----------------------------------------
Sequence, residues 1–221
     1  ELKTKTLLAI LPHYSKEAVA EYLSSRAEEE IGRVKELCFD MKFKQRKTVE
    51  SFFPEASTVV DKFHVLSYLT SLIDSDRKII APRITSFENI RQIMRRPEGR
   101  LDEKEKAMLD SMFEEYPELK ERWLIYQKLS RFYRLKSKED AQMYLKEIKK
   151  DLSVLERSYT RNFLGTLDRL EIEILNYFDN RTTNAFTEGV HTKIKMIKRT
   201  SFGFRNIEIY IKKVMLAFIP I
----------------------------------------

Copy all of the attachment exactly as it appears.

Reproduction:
Sequence, residues 1–221
     1  ELKTKTLLAI LPHYSKEAVA EYLSSRAEEE IGRVKELCFD MKFKQRKTVE
    51  SFFPEASTVV DKFHVLSYLT SLIDSDRKII APRITSFENI RQIMRRPEGR
   101  LDEKEKAMLD SMFEEYPELK ERWLIYQKLS RFYRLKSKED AQMYLKEIKK
   151  DLSVLERSYT RNFLGTLDRL EIEILNYFDN RTTNAFTEGV HTKIKMIKRT
   201  SFGFRNIEIY IKKVMLAFIP I